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Now we have a new legislation called "Juvenile & Justice Act, 2015" replacing the JJ Act of 2000. In this new act, adoption has assumed a significant importance with an exclusive chapter. Subscribe and follow this blog for more information in the days to come.

Wednesday, August 13, 2008

Starting a new column from today - "Guest Column"

Indi(AA)tion is starting a new column from today. It is called “Guest Column” where we feature different people (adoptive families, professionals, adoptees, government workers and agencies etc) involved in the field of adoption. On this debut edition, we are featuring ‘Futia’ family which did a birth family search recently. We hope you like this column as much as we like putting it together for you. Please do drop in your comments in the comments section.

Who is Chris Futia?

I am an adoptive parent of 3 children who were born in Kolkata, India and came home as high-risk infants due to prematurity, IUGR and low birthweight. Like most parents, however, I expected that the risks associated with these issues would happen to other people, not us, so I quite expected “perfect” children. (And, in many ways, they are … just not in the ways that many high-functioning biological parents would acknowledge). Our children are now 21, 18 and 13. I have spent the last 20 years engaged in adoption-related volunteer work in nearly all of my spare time. It’s funny – though we wanted a biological child more than anything at one time, when I adopted my first child I felt honored to join a special “club” made up of people like us who knew that becoming a parent is a true privilege. That is a feeling that will never change.

Can you tell us about your children and their arrival in to your home?

Leo Rajan (now 21) came to us from Kolkata at age 4 months weighing 8 lbs 2 oz. He was 8-10 weeks premature and had survived an illegal 2nd-trimester abortion. Leo had many developmental delays and differences, but he was clearly bright. Eventually we learned a great deal about his neurological issues and were able to get him the right mix of medication and services to help him be a success in life. He is about to finish college now (after being a special education student all through high school) and he hopes to become a flight attendant in the future.

Anne Shanti (now 18) came to us from Kolkata at age 13 months weighing 12 pounds. We know little about her origins, except that she is clearly tribal, specifically Shanthali. She was born in southern Bengal near the Orissa border. At one month of age, she was found near death in a primary rural health clinic and brought to a Kolkata orphanage. Her life was saved, and her developmental delays eased enough with lots of special services that she was able to join a regular kindergarten class at age 5. Annie is a slow learner and a poor reader, but she is a hard worker and very organized. She is about to start college now and hopes to become a nurse. She just won a scholarship that completely covers her first two years of college, including her books. We are very proud of her.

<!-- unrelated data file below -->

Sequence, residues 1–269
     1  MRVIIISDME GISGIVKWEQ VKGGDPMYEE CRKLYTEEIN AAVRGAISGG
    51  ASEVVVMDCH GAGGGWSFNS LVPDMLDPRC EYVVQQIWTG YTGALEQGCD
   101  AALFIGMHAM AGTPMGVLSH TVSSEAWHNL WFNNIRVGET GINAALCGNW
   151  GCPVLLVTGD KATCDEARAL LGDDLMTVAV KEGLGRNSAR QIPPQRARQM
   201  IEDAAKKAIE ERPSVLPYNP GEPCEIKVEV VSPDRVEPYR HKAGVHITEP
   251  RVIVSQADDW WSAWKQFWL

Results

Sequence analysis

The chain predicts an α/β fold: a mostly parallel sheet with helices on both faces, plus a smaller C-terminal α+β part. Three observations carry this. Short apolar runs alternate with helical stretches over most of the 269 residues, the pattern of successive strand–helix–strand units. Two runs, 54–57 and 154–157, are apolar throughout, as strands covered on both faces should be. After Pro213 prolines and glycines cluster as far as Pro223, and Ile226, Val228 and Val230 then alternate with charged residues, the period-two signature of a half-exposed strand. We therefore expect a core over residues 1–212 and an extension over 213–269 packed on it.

Peter Ramesh (now 13) came to us from Kolkata at age 6 months weighing 10 lbs 3 oz. He was 3 lbs 11 oz at birth and was severely IUGR (small for gestational age). He was fairly healthy in the orphanage but after coming home he had severe respiratory and digestive problems and was declared “failure to thrive”. We were just able to keep him from having a feeding tube by feeding him a diet extremely dense in calories. Peter also was a very irritable child, with constant mood swings. Some of the time, he was very easy and loveable, but at other times he was like an animal with a fly buzzing around its head. When he was 6, we realized that he had acute early-onset bipolar disorder. He has been taking medication ever since then, and he is one of the lucky ones – his symptoms are greatly reduced now. However, once he was stabilized, we were finally able to test his cognitive abilities, and learned that he is also developmentally disabled. He will probably never be independent, and so we will have to find a way to provide for his care and well-being after we are gone. We had no idea that Peter would have these issues, and they have had a big impact on our family life, but we love him dearly, and most of all, he is ours.

The three children are tightly bonded and it is a great comfort to them to have each other. People sometimes ask me, “Are they REALLY brothers and sister?” And I reply, “Well, they fight constantly in the back of the car, so I guess they must be”

I know you have strong connections in India, could you tell us how you developed them?
To be continued tomorrow....




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